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John Magner ordained deacon (incl. Bishop Crean’s homily)

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Newly ordained Rev John Magner with Bishop William Crean, Maynooth, 29/05/2016. Photo also shows John’s daughters Emily (L) and Gemma (R). John’s wife Maria died in 2005.

 

Congratulations to Reverend John Magner!

John Magner, who is from the Blarney-Whitechurch parish, was ordained to the order of deacons last Sunday (Corpus Christi, 29/05/2016).

The ceremony took place in Maynooth. Nine men were ordained deacons by Bishop William Crean.

It is expected that John will be ordained to the priesthood next year.

Bishop Crean’s Homily is shown below:

A Chairde,

For some time now Gay Byrne has been interviewing a great variety of people in regard to what gives “Meaning to Life”.Of those you have seen and heard, it would be interesting to ask who stands out for you by way of their clarity and eloquence. Equally, it is worth noting the number who despite their intelligence and education, were quite confused and inconsistent in their responses.

The question of the meaning of life is a key one which demands the attention of every human being alive. For you, as candidates for ordination to the Diaconate today – and God willing, for ordination to the Priesthood – the question of the meaning of your life is pivotal as you seek to journey with people who in turn seek to make sense of the pattern of their lives. The fact that we celebrate the Feast of Corpus Christi is especially apt as the Eucharistic celebration is the anchor of our life in Christ.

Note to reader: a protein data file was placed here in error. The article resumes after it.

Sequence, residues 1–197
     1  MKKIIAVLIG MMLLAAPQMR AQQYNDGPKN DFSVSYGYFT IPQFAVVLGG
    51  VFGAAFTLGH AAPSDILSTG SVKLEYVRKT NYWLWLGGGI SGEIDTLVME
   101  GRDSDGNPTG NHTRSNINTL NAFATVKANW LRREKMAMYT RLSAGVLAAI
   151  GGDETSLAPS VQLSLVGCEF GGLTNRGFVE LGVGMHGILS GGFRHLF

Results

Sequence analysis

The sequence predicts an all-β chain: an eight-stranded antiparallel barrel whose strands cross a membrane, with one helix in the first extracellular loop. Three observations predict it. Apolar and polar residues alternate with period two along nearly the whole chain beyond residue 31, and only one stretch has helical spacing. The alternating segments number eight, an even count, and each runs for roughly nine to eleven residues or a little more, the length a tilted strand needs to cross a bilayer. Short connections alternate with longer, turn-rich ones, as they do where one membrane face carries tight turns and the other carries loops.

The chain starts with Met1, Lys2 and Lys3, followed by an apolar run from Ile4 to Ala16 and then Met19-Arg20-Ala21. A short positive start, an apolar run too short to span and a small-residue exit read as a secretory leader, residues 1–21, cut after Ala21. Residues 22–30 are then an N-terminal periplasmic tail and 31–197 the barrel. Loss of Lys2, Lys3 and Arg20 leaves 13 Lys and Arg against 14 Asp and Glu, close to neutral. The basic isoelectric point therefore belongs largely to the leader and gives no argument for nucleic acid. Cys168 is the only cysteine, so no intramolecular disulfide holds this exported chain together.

The meaning of life is first of all a personal quest, and it is never static. It has a dynamic of continual interaction between the synthesis you have arrived at, and the surprise interventions of new events. This can “rattle your cage” and move you to reassess your synthesis. So while you rest your foundations on Jesus’ promise that he came that we might ‘have life and have it to the full’, this dynamic of being disturbed by life’s events is a lifelong one. This is your fundamental reality – we are human, therefore fragile. This you cannot bypass – nor should you try to, because it would have a most detrimental impact on your ministry.

The second element of the meaning of life concerns your ministry. Many different images are used to capture what it is you do, and are, as deacons. To walk with, to journey with, are terms often used to capture the essence of ministry. Your own personal journey will have taught you a great deal and given you valuable insights which will enable us to empathise with those in our care and give them encouragement and reassurance. Do not underestimate the enormous privilege and trust that such encounters entail.

You are not alone when engaged in ministry. The grace of Our Lord Jesus is in you – the Church’s reflections on all issues is conscientious and for a good purpose. These sources are wells of wisdom and inspiration from which you should draw continually. A mentor is invaluable as a friend and guide. In the midst of a confusing situation a mentor can bring an impartial perspective which helps you focus on the essentials. So do not let pride stand between you and good advice. Good advice yields a rich dividend for all.